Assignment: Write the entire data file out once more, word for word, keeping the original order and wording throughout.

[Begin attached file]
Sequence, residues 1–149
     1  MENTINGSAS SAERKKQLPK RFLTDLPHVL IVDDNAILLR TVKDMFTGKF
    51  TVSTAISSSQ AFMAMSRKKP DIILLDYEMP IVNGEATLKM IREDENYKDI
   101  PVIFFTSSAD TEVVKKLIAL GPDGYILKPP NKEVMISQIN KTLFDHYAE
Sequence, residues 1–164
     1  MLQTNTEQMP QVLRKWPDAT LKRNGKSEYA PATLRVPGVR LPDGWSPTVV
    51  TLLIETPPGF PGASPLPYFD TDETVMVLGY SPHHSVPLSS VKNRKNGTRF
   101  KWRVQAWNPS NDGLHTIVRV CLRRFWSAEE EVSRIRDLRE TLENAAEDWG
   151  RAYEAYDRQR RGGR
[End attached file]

Sequence, residues 1–149
     1  MENTINGSAS SAERKKQLPK RFLTDLPHVL IVDDNAILLR TVKDMFTGKF
    51  TVSTAISSSQ AFMAMSRKKP DIILLDYEMP IVNGEATLKM IREDENYKDI
   101  PVIFFTSSAD TEVVKKLIAL GPDGYILKPP NKEVMISQIN KTLFDHYAE
Sequence, residues 1–164
     1  MLQTNTEQMP QVLRKWPDAT LKRNGKSEYA PATLRVPGVR LPDGWSPTVV
    51  TLLIETPPGF PGASPLPYFD TDETVMVLGY SPHHSVPLSS VKNRKNGTRF
   101  KWRVQAWNPS NDGLHTIVRV CLRRFWSAEE EVSRIRDLRE TLENAAEDWG
   151  RAYEAYDRQR RGGR